A gentle stretching routine can be an an effective way to relieve back pain, provided you’re in a pain-free range. As your body adjusts to the new workout, it may temporarily increase pain. However it should ease quickly.

Enhancing Flexibility and Reducing Tension: Stretching Exercises for the Back

Start on all fours, with your hands spread shoulder-width apart. As you lower your back, arch your lower, push your hips forward and extend backward.

Stretching the muscles of the lower back can relieve back pain and help prevent injuries from recurring. It can also improve your posture, which is important for your overall health, and also to prevent a dowager’s hump.

Lift one leg to your chest while lying flat on the ground. Repeat until you feel comfortable. This stretch targets the piriformis which can ease lower back pain or tightness in the buttocks.

If you’re flection sensitive, meaning that leaning forward causes pain, try beginning this stretch with just an easy arc of motion, and gradually increasing the size as your back becomes stronger. Also, make sure you always do these stretches on a clean and hard surface. If you feel any discomfort you should stop your exercise and consult a doctor or physical therapist. In general, you should aim to do at least 60 seconds of stretching every day to reap the greatest benefits.

Mobilizing the Hips for Lower Back Health: Essential Stretches

Stretching your hips can help loosen the lower back. Jamie Costello M.S.C., fitness director at Pritikin’s Longevity + Spa in Miami She suggests that adding hip-opening exercises to your stretching routine can improve your posture and increase spinal mobility.

One of the most common back stretch routines is the cat-cow which increases flexibility and mobility in the spine while targeting the joints and muscles in the shoulders and hips. This exercise is suitable for most people. It can be performed while sitting. It is important to keep the stretch in an appropriate range of movement.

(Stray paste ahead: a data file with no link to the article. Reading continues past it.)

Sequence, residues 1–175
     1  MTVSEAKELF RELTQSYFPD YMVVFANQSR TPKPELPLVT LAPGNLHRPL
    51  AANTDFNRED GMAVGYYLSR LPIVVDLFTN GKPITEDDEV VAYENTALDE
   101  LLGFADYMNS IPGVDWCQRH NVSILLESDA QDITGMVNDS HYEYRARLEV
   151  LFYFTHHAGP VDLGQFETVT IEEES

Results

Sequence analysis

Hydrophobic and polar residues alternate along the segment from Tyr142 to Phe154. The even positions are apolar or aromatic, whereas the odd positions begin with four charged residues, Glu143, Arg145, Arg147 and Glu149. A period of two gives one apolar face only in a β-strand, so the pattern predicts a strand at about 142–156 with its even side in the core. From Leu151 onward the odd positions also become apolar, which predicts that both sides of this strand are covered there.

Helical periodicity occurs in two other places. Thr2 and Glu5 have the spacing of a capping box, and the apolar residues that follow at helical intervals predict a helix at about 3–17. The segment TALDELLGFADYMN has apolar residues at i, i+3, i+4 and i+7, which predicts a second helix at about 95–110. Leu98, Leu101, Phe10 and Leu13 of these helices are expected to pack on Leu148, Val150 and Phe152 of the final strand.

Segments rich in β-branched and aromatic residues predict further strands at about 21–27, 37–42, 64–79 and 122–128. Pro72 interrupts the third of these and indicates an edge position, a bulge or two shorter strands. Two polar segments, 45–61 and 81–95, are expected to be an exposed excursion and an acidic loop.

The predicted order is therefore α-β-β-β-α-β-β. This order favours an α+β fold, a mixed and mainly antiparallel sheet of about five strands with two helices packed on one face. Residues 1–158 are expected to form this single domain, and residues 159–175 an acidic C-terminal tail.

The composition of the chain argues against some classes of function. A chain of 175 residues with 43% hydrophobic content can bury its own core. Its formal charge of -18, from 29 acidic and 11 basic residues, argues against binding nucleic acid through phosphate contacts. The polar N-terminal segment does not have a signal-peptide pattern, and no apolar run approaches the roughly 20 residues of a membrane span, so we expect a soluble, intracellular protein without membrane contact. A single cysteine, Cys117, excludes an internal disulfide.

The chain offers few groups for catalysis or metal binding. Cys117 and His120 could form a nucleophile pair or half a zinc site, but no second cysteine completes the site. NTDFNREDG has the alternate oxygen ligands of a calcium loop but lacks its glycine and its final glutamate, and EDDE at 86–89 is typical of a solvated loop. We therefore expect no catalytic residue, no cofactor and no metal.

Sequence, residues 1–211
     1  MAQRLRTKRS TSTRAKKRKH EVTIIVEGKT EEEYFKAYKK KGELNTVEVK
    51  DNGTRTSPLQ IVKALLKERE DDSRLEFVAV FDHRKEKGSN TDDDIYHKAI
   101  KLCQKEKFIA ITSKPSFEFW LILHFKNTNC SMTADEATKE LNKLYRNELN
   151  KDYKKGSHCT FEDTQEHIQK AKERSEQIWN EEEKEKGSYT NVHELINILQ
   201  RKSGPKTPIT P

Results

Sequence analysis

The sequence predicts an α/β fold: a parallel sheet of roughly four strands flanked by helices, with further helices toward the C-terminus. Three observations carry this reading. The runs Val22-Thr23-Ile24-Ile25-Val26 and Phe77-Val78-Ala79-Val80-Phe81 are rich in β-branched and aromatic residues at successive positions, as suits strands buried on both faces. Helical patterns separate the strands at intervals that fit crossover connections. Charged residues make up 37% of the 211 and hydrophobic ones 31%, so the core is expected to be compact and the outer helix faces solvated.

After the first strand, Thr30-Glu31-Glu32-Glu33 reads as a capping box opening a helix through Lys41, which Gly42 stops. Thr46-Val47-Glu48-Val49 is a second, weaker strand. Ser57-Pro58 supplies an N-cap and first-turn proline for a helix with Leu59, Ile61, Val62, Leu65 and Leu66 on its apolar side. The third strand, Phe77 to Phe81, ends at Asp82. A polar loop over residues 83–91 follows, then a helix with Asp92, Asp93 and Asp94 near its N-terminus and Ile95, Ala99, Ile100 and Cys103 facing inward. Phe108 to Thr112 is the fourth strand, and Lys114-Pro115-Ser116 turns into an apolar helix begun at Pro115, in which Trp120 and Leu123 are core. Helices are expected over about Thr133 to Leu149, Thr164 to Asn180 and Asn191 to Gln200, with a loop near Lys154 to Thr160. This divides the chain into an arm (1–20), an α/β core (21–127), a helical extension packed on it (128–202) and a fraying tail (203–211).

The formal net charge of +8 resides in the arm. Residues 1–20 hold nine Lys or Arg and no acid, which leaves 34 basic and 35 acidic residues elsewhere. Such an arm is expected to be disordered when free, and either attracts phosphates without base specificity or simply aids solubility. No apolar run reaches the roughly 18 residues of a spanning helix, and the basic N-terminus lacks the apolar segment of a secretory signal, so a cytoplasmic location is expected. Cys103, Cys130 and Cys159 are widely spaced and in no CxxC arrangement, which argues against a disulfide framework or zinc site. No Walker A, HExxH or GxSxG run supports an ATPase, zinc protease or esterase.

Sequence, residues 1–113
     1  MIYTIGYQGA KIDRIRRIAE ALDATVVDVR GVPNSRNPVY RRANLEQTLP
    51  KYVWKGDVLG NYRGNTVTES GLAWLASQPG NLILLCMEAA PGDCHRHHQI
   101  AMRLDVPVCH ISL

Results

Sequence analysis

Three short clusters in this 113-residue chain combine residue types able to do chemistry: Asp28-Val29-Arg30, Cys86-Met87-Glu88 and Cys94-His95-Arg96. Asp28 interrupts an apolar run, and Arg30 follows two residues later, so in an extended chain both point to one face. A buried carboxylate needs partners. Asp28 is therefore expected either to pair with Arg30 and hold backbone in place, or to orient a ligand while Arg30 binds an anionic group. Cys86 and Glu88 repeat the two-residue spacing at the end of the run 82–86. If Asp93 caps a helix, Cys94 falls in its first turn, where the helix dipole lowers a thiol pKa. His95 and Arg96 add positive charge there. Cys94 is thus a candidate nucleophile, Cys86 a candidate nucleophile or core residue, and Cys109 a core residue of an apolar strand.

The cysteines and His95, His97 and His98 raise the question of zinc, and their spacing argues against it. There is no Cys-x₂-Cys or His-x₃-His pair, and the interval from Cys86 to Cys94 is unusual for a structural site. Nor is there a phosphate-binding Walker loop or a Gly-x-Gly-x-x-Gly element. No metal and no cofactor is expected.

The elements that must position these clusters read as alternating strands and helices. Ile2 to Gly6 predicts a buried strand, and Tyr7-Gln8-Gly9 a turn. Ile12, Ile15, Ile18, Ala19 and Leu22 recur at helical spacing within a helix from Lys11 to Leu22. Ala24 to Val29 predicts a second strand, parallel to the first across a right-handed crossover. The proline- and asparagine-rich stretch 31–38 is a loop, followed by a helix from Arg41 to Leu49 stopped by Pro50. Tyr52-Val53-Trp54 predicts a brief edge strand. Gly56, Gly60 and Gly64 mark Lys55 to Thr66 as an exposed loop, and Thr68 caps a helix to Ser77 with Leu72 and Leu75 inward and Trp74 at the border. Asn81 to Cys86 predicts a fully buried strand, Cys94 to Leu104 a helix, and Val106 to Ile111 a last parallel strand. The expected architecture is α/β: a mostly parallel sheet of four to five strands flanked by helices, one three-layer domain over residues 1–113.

Lay on your back, with both knees bent. Rest the bottom foot of each leg on the floor for support. Slowly move your right leg up to meet the outside of your left knee, while lowering your head toward the floor.

The importance of stretching the outer thighs

If your hips or lower back are tight, you’ll also want to stretch your outer thighs. The muscles in your outer thigh, called abductors, help you move your legs to the side while balancing the pelvis. Sitting on your back, connect your fingers behind your knees and raise the leg toward your upper body until you feel a gentle stretch in the back of the leg. Hold for 30 to 60 minutes and repeat the exercise on the opposite leg.

The exercise is easy, and it reaches the front upper thigh. You may be uncomfortable at first but don’t do more than you are comfortable with. Stop exercising immediately if feel a tingling or sharp pain. See your doctor.

This video will assist you in getting in your stretching exercises even if have a short time. Cassy’s catchy music and witty personality make this workout enjoyable to follow along with.

Core Stability and Arm Strength: Incorporating Triceps and Lower Back Stretches

You may stretch your arms when reaching to place your wallet in the pocket of your bag or put on your bra, but you can also stretch the muscles that keep your back straight. Experts advise against stretching the same muscle group repeatedly. This can cause damage to these delicate muscles. Litzy states that bouncing when stretching can cause injury to these muscles.

To stretch your triceps muscles, lift one arm over your head, and then point your fingers toward your shoulder blades. Take the back of the elbow with the opposite hand. Keep this position until your chest and shoulders feel a slight stretch. Repeat on the other side of your body. This stretch can increase circulation in your wrists as well as forearms. This stretch can also improve your posture. The deltoid muscle is a triangular one at the top of your shoulders and this stretch can help loosen it up, which may relieve some lower back pain, too.